Kidney Foundation Aims To Increase Transplant Rates By 50 Percent In Next 5 Years
Education and Advocacy When she was training for the junior national badminton championships in 2010, Alissa Derrick felt listless on the court.
The teenager was always tired, going to bathroom a lot and experiencing muscle cramps. She figured she was just out of shape, but she was wrong. Alissa was diagnosed with aggressive kidney disease.
The following year, she received a new kidney — one donated by Adrienne Charlie, a single mother whom she had met at a Vancouver college and come to regard as a mother figure. Alissa is among the fortunate few.
Almost 75 percent of the more than 4,500 Canadians on the waiting list for an organ transplant are waiting for a kidney. Recent statistics indicate a third of the people who died while waiting for organs were waiting for a kidney — and the need for kidneys exceeds the supply. The Kidney Foundation of Canada wants to change that, and is aiming to increase kidney transplants by 50 percent in the next five years.
To that end, The Kidney Foundation of Canada, BC & Yukon Branch recently held the first-ever Kidney Transplant Summit, in Vancouver. Experts there debated several controversial subjects including presumed consent, a system in which citizens are presumed to have agreed that their organs may be used for transplantation after their death. Additional dialogues will continue. Simply put, says Executive Director Karen Philp, “We need to hear what people think.”
Low organ donor rate in Canada
A jury deliberated then recommended that, to increase the number of kidney transplants in BC, the province consider adopting presumed consent legislation with safeguards allowing an individual to opt out of the system and allowing family members of an incapacitated individual to override his or her stated consent to donation.
"Canada has one of the lowest organ donor rates among industrialized countries with about 15.7 donors per million people. Spain, on the other hand, is a leader in organ donations with about 35.1 donors per million people."
Canada has one of the lowest organ donor rates among industrialized countries with about 15.7 donors per million people. Spain, on the other hand, is a leader in organ donations with about 35.1 donors per million people. That success is widely attributed to Spain’s presumed consent law, which was enacted in 1979.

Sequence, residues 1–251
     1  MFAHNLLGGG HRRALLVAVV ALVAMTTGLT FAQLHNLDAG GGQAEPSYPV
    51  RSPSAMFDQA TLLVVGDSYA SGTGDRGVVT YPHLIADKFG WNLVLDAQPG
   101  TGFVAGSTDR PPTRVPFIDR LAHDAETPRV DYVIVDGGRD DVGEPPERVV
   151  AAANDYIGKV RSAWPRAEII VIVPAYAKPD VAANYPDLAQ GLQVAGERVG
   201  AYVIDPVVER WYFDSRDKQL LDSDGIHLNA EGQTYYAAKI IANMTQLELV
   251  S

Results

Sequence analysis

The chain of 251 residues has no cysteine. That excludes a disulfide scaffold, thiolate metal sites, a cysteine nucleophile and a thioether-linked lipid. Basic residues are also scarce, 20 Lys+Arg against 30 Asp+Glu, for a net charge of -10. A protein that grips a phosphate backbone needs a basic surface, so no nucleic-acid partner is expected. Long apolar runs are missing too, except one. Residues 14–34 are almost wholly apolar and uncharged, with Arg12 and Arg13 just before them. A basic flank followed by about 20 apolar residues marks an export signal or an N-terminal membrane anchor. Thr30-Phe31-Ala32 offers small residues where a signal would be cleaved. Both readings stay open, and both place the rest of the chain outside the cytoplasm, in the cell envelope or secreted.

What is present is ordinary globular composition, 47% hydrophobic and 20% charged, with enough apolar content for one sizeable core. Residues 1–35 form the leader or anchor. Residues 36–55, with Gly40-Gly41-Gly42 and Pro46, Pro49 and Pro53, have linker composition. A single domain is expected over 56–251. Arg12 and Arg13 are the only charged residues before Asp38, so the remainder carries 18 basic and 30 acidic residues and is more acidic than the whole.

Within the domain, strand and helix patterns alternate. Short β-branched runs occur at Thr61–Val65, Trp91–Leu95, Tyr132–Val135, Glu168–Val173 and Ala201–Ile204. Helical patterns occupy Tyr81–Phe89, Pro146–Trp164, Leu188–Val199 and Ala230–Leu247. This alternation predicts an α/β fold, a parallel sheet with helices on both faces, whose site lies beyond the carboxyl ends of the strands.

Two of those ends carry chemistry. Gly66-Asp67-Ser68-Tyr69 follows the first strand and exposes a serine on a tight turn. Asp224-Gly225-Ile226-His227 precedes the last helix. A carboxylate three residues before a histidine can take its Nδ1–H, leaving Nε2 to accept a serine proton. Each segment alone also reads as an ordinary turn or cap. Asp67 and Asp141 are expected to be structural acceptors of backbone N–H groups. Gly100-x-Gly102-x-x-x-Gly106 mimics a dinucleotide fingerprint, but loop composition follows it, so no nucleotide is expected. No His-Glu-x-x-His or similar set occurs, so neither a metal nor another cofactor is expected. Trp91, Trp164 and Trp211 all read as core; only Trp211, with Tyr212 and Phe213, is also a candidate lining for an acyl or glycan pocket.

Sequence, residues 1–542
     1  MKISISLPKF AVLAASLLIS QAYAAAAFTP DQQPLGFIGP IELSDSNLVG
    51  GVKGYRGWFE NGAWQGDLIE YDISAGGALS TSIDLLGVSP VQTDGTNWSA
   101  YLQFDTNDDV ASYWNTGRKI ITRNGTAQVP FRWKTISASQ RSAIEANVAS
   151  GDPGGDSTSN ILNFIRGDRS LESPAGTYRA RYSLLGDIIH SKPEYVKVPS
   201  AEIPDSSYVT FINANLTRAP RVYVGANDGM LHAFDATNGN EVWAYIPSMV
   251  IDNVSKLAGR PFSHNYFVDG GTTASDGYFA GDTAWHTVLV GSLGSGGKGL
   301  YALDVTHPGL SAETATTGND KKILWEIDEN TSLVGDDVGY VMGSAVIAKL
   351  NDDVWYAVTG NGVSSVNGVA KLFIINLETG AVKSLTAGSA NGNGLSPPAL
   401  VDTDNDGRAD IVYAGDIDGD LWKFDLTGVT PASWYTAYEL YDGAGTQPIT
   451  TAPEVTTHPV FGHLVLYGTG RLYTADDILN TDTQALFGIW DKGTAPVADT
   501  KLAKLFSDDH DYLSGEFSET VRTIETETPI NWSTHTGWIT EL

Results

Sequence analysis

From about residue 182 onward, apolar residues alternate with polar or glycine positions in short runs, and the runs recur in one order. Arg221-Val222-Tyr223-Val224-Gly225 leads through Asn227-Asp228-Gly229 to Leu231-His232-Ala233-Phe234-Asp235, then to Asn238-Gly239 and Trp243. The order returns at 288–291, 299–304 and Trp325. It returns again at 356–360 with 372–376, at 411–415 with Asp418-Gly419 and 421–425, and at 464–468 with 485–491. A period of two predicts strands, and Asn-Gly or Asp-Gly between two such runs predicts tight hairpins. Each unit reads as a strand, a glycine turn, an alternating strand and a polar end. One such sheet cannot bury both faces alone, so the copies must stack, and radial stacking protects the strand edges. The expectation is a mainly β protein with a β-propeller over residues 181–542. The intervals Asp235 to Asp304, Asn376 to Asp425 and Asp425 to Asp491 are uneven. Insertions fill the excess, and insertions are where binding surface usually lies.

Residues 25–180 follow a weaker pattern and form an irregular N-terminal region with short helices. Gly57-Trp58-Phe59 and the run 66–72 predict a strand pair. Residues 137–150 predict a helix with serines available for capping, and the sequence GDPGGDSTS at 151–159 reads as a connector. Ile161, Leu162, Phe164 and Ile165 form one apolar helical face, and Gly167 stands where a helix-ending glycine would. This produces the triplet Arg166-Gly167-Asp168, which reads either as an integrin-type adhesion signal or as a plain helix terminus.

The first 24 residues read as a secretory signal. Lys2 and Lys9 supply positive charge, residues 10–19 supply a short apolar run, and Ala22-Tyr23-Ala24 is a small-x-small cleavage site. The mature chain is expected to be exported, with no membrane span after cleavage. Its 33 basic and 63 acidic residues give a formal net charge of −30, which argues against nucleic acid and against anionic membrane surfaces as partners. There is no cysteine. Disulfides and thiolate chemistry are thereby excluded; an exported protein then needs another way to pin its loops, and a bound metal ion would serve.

As The Kidney Foundation continues to pursue its goal to raise organ donor rates, additional public awareness activities and advocacy initiatives will unfold across the country.
The Kidney Foundation of Canada asks volunteers to encourage the government to make it easier to register as an organ donor, to remove financial barriers to donations and to support campaigns that raise awareness of the seriousness of kidney failure and the need for more donors.
Health care changes could help boost organ donations
Changes to the health care system might also help boost donation rates, says Dr. Julian Midgley, National President of The Kidney Foundation and a Pediatric Nephrologist at Alberta Children’s Hospital, Calgary. Among these are providing more intensive care beds to patients and donors, introducing transplant coordinators in more hospitals, and establishing an efficient system in hospitals of auditing potential donors .
Dr. Midgley also emphasizes the need for more awareness. For example, he says, many people believe that to be considered organ donors upon death all they have to do is sign a wallet card about organ donation — but that’s not true. In many provinces, individuals must register consent through official government identification such as a driver’s licence or health card, or complete an online registration process.
“It is equally important for individuals to share their wishes with their family members,” said Dr. Midgley. “Not only does this ensure people understand someone’s personal decision about organ donation, but it introduces this important topic so families can talk about it.”
If The Kidney Foundation of Canada obtains its goals to increase organ donor rates, we’ll be hearing more stories like Alissa’s. Now a graduate from Simon Fraser University, she leads a busy life that includes coaching badminton and a job at a big Canadian bank. Down the road, she plans to get more involved in Aboriginal Sport, Recreation and Physical Activity Partners Council. Busy as she is, Alissa hasn’t lost sight of her good fortune. “I got so lucky in so many ways,” she says. “It’s still shocking to me.”